Proposed Implementation

Potential solution

Our goal and its advantages
Our project goal is to degrade the most abundant microplastics present in the Mediterranean sea, namely polyethylene, polystyrene and polypropylene found in our everyday waste. This project found its origin in the desire to protect the marine ecosystem from human pollution by reducing the amount of microplastics in the sea and therefore protecting marine biodiversity and our health. The project, if it works, can become a solution for several problems, in France but also in the world. In France, it can reduce the amount of microplastics of the Mediterranean, one of the most polluted seas. The project can also be reengineered to be applied all over the world depending on the type of plastic that is mostly found ; that way the plastic pollution of all of the oceans, seas, rivers etc can be reduced.

In order to implement our project in real life some points needs to be addressed :

Which “receiving” bacteria could be used ?
The receiving bacteria or “the chassis” could be Escherichia Coli. In fact, E. coli is a rod-shaped (bacillus) Gram-negative bacterium that is frequently used as a model organism. Factors such as its ability to grow fast using cheap media and availability of molecular tools to perform genetic manipulations are favorable for using E. coli as a model organism in molecular genetics and synthetic biology.

How could the microplastics be collected ?
During the Delta event in which we participated we were able to meet and exchange with IADYS ( IADYS is a startup committed to preserving the marine ecosystem with their Jellyfish Bot presented in Figure 1. The Jellyfish Bot is a robot that is able to collect everyday waste on the surface of the Water. After exchanging with them we found out that their robot used a net capable of capturing microplastics which would be the perfect instrument to collect them from the ocean and treat them after that. They proposed to either lend us their robot so that we could collect microplastics in the mediterranean sea by ourselves or put us in touch with laboratories that they work with and send the microplastics they collect too.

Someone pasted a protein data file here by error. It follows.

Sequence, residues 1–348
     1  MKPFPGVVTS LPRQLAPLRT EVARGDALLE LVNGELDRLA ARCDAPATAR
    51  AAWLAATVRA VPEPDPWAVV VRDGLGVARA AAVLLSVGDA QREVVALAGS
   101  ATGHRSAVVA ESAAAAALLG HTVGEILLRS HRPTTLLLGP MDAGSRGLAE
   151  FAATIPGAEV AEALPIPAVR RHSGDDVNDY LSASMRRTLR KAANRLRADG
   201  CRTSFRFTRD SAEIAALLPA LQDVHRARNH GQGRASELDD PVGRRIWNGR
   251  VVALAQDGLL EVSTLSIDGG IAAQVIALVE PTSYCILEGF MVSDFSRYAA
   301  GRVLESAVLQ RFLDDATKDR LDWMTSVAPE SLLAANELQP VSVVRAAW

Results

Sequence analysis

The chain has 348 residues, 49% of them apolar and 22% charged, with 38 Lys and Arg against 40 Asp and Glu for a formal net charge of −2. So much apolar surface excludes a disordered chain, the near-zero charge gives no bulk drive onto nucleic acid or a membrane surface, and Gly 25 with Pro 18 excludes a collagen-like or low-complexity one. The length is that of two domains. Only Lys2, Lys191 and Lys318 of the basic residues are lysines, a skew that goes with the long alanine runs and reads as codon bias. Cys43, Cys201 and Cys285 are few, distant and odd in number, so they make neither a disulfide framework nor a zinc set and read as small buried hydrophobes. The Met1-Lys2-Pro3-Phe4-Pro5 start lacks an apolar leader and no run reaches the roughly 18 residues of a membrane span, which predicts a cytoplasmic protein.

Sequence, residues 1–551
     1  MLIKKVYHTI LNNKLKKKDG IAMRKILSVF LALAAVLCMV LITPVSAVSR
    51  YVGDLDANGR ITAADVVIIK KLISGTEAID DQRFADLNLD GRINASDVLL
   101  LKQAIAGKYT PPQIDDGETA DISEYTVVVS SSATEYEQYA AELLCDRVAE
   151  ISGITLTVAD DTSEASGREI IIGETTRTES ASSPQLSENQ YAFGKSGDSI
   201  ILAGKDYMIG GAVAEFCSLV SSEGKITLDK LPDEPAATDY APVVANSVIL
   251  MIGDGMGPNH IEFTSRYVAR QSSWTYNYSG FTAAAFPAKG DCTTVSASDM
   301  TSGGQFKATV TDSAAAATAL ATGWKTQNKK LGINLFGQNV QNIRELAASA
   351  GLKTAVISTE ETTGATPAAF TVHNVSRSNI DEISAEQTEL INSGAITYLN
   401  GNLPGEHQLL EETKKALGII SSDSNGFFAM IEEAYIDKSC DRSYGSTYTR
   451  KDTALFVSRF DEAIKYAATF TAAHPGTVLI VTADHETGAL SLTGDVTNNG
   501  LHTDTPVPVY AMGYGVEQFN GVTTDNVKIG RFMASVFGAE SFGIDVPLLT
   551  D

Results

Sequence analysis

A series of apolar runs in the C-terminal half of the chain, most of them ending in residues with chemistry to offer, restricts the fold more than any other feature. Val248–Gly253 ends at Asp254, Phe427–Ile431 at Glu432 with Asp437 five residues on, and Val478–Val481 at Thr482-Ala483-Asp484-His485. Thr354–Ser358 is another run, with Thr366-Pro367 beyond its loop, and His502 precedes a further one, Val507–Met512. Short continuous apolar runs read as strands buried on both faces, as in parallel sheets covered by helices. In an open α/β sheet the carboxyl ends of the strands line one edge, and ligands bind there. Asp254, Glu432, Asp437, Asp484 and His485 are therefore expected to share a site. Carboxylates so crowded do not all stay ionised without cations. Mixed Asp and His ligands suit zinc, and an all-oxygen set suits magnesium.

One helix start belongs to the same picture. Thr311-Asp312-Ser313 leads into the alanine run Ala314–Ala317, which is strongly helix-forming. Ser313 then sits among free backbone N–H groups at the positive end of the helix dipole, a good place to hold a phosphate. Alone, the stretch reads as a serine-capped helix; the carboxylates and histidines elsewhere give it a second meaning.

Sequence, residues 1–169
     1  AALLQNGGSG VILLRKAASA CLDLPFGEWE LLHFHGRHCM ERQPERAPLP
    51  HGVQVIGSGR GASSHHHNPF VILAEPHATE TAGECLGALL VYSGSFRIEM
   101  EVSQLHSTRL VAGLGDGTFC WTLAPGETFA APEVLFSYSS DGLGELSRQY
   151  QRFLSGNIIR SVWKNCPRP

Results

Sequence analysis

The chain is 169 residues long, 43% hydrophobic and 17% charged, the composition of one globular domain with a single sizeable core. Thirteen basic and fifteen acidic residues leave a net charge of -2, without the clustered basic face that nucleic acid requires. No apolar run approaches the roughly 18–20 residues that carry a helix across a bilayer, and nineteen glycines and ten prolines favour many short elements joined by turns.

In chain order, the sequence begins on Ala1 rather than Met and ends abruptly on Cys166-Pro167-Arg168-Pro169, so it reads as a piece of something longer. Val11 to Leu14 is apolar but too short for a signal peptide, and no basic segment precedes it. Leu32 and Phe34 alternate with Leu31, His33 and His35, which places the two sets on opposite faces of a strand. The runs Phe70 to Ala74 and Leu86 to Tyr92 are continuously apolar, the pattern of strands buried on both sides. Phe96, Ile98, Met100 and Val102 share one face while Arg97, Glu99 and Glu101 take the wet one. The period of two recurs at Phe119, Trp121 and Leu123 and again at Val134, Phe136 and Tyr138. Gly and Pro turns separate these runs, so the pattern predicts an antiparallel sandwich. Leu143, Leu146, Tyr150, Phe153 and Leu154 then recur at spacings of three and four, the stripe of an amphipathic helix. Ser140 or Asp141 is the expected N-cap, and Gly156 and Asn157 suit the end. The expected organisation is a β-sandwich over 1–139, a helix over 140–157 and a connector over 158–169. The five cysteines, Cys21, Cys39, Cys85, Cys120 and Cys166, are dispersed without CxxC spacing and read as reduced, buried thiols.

Figure 1 : The Jellyfish Bot

How would the treatment work ?
Once the microplastics arrive at our plant using the jellyfish bot robot, we will feed our genetically modified E. coli with these microplastics. In fact the bacteria will be stored in a big biocontainer with all the nutrients necessary to their survival except for a carbon source, and will be able to survive by using microplastics as a carbon source. In fact, the modified bacteria will be able to attach to this microplastics thanks to their modified type IV pili, to secrete the plasticosome that will attach to the microplastics and then to degrade it thanks to the degrading enzymes. Because there will not be another carbon source for the bacteria to survive, it will be forced to degrade the microplastics to use them as carbon sources.

How can we assure biosafety ?
The biosafety of our project can be ensured mainly because the bacteria are not supposed to leave the biocontainer. But we also know that sometimes accidents haven, and the population is still very skeptical about the use of GMOs. We therefore will have to implement a biocontainment approach. We can opt for a system in which we can make the bacteria deficient of an essential gene for their metabolism, and without an external contribution the bacteria wouldn’t be able to survive. That way, even if the bacteria finds a way out of the biocontainer, it won’t survive because we will be giving to it a nutrient that she needs because she can’t synthyse it herself, and that it’s not found very easily in the environment. In addition, in order to face people's opinions on our solution, we will have to set up a project on scientific vulgarization to educate people on how GMOs can be used efficiently and safely.